Chances continue to increase for a tropical low to develop in the Caribbean for Father’s Day weekend. The time-frame for any tropical formation is Sunday-Tuesday.
So the big question on everyone’s minds, will we have a tropical storm in the Gulf of Mexico?
The answer is much more complicated than a simple “yes” or “no”. Storminess is beginning to increase across the northwestern Caribbean, however a disturbance has not been detected yet and Wilkens Weather is not expecting tropical development over the next 24 hours. Several factors are analyzed when forecasting tropical weather including sea surface temperatures (SST), vertical wind shear, and tropical atmospheric moisture. The sea surface temperatures in the southern Gulf are around 28°C, indicating favorable conditions for development. Atmospheric moisture, explained in a previous blog here, surges into the southern Gulf this weekend providing ideal conditions for tropical development. The third and final key ingredient meteorologists are monitoring is vertical wind shear. Light winds are vital to sustain and strengthen the structure of tropical systems.Read More »
With hurricane season officially underway today in the Atlantic basin, all eyes are on thunderstorms streaming northward across the Gulf of Mexico. This convection is associated with Tropical Storm Beatriz off the coast of Mexico in the East Pacific. Although Beatriz is not a direct threat to the Gulf, tropical moisture from this storm will continue to provide deep convection across the southern Gulf. This moisture will interact with an existing surface trough over the Bay of Campeche providing the potential for low pressure to develop over the weekend, but there are limiting factors for tropical development.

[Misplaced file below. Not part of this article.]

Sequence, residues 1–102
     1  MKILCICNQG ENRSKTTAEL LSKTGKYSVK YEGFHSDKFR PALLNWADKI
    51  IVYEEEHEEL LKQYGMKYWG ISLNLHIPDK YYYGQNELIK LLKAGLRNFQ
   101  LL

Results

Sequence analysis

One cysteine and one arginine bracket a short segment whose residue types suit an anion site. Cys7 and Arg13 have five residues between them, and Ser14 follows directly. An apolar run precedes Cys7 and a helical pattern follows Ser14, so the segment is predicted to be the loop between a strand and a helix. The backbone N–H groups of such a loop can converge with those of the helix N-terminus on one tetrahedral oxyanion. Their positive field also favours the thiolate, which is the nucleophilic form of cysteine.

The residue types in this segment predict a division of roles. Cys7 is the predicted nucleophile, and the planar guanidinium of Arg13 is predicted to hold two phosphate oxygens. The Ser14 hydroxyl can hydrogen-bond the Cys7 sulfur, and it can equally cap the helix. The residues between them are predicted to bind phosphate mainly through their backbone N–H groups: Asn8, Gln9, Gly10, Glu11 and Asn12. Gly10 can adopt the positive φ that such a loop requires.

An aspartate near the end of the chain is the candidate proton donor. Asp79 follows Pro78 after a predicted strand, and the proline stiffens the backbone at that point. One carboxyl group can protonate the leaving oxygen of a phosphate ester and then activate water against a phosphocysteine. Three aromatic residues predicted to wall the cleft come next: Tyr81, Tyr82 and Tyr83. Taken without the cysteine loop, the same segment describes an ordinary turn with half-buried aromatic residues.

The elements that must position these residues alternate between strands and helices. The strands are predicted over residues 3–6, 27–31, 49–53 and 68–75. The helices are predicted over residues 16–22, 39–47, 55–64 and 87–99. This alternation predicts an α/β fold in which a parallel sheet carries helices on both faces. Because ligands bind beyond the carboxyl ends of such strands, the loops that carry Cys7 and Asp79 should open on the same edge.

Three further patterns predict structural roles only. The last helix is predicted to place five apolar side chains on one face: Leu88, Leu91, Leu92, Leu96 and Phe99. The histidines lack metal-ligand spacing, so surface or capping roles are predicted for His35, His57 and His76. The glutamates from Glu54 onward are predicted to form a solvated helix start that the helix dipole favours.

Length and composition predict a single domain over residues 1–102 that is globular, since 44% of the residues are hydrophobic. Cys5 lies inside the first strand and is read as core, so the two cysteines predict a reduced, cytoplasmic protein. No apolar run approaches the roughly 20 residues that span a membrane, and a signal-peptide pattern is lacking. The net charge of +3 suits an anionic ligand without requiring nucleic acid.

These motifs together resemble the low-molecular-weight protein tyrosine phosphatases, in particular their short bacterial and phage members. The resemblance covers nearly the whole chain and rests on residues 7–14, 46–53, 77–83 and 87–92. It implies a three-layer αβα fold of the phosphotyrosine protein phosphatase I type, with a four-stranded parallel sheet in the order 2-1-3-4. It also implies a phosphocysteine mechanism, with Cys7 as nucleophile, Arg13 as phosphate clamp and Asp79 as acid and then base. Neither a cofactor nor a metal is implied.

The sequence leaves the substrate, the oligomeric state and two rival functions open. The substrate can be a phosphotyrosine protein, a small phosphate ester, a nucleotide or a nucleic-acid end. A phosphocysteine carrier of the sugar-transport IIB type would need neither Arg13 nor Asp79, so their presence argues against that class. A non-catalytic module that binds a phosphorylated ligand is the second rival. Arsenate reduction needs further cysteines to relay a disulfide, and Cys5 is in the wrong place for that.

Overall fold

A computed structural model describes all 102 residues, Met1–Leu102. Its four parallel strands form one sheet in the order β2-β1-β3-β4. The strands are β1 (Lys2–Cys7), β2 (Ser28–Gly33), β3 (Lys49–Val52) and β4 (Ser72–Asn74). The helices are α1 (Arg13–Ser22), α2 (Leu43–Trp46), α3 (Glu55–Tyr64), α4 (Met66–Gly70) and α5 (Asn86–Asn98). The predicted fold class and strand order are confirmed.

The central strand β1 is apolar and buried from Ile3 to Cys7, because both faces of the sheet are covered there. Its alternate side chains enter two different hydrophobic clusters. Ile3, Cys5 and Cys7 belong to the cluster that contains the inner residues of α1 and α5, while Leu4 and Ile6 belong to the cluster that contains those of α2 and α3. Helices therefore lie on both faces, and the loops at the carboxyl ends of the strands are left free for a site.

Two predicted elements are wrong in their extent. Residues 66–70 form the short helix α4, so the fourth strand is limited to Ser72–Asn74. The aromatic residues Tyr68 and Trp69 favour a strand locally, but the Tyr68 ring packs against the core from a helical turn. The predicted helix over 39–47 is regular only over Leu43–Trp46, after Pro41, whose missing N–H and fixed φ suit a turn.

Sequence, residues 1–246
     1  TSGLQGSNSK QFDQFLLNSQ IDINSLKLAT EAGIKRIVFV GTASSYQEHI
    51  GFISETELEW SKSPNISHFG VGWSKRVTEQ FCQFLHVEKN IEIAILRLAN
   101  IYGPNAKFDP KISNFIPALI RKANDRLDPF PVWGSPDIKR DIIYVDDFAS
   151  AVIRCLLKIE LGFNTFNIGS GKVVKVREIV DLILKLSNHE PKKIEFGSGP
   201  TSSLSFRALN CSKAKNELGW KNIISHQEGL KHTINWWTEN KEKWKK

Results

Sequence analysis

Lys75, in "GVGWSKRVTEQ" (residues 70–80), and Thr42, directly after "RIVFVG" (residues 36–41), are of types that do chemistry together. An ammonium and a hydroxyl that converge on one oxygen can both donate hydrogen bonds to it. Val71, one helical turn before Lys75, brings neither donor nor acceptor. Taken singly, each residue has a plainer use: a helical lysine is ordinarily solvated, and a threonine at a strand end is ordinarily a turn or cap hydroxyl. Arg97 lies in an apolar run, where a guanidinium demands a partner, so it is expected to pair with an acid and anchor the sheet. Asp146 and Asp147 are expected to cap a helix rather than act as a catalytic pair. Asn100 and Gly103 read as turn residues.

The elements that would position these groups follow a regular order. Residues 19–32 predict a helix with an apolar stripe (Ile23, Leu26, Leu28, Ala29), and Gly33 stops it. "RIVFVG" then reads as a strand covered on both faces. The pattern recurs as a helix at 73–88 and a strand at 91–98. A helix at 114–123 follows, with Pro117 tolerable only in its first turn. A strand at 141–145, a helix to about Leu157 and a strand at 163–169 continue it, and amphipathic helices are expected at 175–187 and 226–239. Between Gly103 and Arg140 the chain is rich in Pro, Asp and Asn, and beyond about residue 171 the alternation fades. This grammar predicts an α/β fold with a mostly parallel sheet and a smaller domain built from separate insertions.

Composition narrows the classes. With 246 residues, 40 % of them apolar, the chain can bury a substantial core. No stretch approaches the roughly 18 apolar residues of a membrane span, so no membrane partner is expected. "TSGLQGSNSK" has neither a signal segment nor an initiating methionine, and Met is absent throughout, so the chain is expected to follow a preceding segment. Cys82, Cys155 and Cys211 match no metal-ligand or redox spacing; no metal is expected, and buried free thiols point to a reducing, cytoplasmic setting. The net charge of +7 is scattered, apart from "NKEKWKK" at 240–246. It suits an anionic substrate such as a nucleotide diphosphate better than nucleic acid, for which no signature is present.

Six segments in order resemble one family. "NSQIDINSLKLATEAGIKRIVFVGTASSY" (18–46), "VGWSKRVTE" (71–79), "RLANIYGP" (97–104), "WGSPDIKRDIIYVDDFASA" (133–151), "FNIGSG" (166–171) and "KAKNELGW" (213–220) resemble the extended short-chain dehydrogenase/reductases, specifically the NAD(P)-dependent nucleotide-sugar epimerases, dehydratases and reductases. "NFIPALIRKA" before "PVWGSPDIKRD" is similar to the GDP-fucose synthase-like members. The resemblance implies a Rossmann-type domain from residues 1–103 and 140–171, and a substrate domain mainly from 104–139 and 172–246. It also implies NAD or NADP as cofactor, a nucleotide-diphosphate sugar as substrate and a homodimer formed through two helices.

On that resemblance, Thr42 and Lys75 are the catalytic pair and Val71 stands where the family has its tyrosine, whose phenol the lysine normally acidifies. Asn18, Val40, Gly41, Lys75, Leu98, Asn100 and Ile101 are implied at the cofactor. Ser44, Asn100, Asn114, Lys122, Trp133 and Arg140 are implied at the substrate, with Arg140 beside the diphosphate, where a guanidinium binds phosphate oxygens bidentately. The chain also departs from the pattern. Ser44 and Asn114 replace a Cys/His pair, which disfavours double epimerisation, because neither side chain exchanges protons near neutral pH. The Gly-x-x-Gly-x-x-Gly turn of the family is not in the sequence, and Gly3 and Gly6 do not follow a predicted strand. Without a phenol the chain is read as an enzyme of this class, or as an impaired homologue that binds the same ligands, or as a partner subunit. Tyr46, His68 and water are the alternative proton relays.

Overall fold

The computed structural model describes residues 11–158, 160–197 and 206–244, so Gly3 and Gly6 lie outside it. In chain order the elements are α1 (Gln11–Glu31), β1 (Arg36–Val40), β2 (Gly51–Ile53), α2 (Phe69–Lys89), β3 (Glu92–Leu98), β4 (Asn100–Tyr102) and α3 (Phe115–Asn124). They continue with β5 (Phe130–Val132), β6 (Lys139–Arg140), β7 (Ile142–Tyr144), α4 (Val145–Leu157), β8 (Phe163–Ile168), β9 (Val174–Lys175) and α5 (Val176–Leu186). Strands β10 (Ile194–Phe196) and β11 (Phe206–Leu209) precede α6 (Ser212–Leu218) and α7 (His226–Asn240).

Regardless of tropical development, one key tropical ingredient is present: atmospheric moisture. The higher the moisture content in the atmosphere, the greater chance for deep, persistent convection which furthermore enhances development within tropical systems. Meteorologists analyze a parameter known as PWAT, Precipitable Water, to gauge atmospheric moisture content. NOAA defines PWAT as the “measure of the depth of liquid water at the surface that would result after precipitating all of the water vapor in a vertical column over a given location”. Imagine having a column of water vapor, from Earth’s surface to the top of the atmosphere, and squeezing that column of air until all the water fell out (very similar to wringing out a sponge). The resulting measure of water, calculated in inches, is a good indicator of how much rainfall a region could see.